The NBA, for example, in its code of ethics for news channels clearly says, “News channels will not broadcast any material that glorifies superstition and occultism in any manner. In broadcasting any news about such genre, news channels will also issue public disclaimers to ensure that viewers are not misled into believing or emulating such beliefs and activity. Therefore news channels will not broadcast “as fact” myths about “supernatural” acts, apparitions and ghosts, personal or social deviations or deviant behaviour, and recreations of the same. Wherever references are made to such cases, news channels will issue on air riders/ disclaimers/ warnings to ensure that such beliefs or events are not passed off “as fact” since they can hurt rational sensibilities.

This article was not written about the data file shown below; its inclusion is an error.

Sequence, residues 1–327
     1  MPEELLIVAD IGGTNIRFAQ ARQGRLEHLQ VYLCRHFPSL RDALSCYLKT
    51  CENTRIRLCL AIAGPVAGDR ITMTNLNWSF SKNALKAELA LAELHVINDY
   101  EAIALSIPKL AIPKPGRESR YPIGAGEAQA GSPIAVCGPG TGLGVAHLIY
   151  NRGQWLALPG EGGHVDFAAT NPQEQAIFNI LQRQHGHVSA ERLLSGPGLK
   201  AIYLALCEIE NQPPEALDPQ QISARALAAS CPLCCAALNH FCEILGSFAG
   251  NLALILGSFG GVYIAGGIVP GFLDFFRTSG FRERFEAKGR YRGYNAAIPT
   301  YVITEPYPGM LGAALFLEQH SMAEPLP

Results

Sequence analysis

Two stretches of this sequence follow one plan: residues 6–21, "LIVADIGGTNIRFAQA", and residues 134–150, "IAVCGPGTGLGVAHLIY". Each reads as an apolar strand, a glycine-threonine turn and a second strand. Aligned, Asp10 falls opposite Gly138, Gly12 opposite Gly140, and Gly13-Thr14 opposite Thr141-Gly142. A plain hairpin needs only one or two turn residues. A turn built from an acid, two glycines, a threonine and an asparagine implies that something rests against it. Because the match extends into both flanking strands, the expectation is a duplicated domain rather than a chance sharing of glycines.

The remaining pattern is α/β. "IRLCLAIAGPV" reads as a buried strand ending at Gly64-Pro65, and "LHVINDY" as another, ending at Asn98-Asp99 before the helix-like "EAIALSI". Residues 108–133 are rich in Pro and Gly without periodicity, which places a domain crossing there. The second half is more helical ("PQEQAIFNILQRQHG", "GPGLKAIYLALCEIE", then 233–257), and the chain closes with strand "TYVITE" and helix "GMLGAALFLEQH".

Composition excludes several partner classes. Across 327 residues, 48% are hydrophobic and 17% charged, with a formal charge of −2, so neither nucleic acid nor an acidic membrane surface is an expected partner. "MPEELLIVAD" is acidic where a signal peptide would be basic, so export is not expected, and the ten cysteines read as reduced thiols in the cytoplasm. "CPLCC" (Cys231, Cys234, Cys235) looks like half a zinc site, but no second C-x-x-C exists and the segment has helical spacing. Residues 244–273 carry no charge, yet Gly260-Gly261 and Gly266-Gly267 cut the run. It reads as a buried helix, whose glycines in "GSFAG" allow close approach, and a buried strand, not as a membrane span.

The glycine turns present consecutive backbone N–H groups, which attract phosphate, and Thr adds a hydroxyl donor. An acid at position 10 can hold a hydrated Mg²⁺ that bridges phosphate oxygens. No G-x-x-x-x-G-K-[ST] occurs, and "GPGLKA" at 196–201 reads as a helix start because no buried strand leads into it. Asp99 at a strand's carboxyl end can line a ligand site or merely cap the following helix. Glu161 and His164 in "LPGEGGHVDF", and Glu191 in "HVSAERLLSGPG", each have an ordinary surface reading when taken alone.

The PCI guidelines, too, hold thatThe promotion of astrological prediction and superstitious practices is likely to produce an unsettling effect on the minds of the readers, and is thus undesirable. The editors of general interest dailies and periodicals who believe in promoting a scientific temper and in combating superstition and fatalism, should avoid publication of astrological predictions. Readers who are interested in the subject of astrology can turn to specialized publications on the subject.While this section in particular seems to have been drafted with print media in mind, the same can be applied in spirit to any form of journalism, including that on TV.

And yet, violations of such guidelines are brazen and rampant. The I&B ministry and courts have also issued advisory on astrological and superstitious programs on several occasions.Though there are a few instances of FIRs or PILs being filed, the lack of a proper and specific law or provision under the Indian Penal Code (IPC) is a huge drawback in dealing with such violations.